While there is only a brief wait for the user, there are several steps in the DNS resolution process. The DNS query, therefore, passes across multiple servers (Recursive DNS server, Authoritative DNS server, etc.). The good news is that this procedure goes by so swiftly that we can reach our destination quickly. So it’s great to know what occurs when we enter a domain name into the search engine, even as basic internet users. Congratulations then. You’ve advanced your understanding of this topic by one step.

IPv4: What does it mean?

The topic of today’s article is exactly the IPv4. And if you desire to learn more about its definition, what it looks like, and how to check it, great! You are in the right place. So let’s not waste any more time and explore it!

Introduction to IPv4 

The fourth IP version is IPv4. On the Internet and other packet-switched networks, it is one of the fundamental protocols of standards-based internetworking techniques. In 1982, the Atlantic Packet Satellite Network (SATNET), a satellite network that was a part of the early development of the internet, implemented Internet Protocol version 4 for the first time. To this day, we still use it.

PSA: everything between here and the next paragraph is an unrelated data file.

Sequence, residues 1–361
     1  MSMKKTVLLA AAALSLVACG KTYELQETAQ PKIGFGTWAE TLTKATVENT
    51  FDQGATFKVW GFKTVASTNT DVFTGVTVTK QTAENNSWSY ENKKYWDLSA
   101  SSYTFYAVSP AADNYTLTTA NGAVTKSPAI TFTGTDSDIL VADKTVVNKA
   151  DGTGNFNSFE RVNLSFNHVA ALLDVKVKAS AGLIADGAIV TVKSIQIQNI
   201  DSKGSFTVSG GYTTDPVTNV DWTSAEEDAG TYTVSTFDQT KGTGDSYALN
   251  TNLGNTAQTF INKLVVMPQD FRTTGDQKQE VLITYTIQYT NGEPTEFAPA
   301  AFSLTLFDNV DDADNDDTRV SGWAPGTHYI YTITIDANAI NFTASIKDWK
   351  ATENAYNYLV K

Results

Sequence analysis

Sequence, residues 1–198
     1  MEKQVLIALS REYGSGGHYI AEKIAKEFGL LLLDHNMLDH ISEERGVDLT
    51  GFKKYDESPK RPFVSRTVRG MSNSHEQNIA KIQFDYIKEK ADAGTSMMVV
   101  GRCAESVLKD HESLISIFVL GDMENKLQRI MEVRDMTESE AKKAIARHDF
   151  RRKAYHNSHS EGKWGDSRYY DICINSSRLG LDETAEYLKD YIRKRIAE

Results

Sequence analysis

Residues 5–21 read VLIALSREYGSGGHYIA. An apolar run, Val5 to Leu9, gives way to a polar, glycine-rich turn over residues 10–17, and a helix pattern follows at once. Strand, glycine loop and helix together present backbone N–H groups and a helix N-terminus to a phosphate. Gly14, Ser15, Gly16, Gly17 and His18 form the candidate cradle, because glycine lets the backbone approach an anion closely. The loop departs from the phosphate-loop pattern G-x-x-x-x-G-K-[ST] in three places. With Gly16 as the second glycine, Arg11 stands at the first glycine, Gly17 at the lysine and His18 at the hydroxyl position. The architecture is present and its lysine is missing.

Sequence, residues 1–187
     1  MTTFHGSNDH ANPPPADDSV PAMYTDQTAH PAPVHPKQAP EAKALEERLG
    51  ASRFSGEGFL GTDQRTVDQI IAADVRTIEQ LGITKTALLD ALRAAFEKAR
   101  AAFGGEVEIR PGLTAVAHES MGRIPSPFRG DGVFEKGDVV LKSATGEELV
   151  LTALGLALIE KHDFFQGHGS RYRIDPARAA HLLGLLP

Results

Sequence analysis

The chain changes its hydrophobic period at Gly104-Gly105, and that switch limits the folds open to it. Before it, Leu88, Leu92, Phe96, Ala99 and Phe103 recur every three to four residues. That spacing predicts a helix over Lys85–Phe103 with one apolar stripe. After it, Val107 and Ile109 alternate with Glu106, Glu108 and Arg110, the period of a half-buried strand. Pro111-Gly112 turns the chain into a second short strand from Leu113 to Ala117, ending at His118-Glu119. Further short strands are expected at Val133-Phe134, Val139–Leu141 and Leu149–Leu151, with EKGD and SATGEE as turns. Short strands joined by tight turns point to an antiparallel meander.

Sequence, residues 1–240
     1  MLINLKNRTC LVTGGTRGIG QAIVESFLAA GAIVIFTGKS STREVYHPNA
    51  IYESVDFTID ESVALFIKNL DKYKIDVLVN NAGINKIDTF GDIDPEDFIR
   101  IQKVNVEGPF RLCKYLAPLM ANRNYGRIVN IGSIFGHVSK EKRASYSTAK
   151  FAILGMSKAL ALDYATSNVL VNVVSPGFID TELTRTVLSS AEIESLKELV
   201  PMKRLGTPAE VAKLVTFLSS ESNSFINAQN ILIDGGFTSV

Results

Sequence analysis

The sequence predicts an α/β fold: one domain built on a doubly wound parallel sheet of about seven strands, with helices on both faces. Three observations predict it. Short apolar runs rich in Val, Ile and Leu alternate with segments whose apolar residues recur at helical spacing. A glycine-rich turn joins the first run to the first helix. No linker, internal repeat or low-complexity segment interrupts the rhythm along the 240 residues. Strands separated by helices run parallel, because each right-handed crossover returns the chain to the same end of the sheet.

When a device connects to the Internet (whether it’s a switch, PC, or other devices), it’s given a unique numerical IP address, such as Furthermore, IPv4 employs a 32-bit address scheme. Each section can have a number between 0 and 255, for a total of 4,294,967,296 (232) possible addresses. Each number represents an 8-bit field corresponding to one byte of an IPv4 address.

So the growing number of Internet users leads to the exhaustion of IPv4 addresses. That is also why IPv6, the new Internet addressing system, is being deployed to meet the demand for more Internet addresses.

How to check IPv4?

It is simple to find your IP address. A dynamic IP address is one that is constantly changing. The steps below will assist you in determining your computer’s IP address:

  • Linux

Begin by opening a terminal window. To check IPv4, use the commands “hostname -I,” “ip addr,” and “ifconfig.” These commands each return the Internet Protocol version 4.

  • macOS

Launch the Terminal application. Use the macOS Terminal command curl ifconfig.me to obtain your public IP address. To find the private Internet Protocol version 4 address, type ipconfig getifaddr en0.

  • Windows

To open the Command Prompt in Windows, go to the Start menu and type cmd. And after that, in the Command Prompt, type ipconfig and press Enter. The program’s output will include your IP address.


We might assume that IPv4 was the first Internet Protocol version to be widely adopted and that it accounted for the bulk of Internet traffic in use today. Perhaps IPv6 represents the present and IPv4 the past. We’ll gradually start saying goodbye to the current one and welcoming the new one.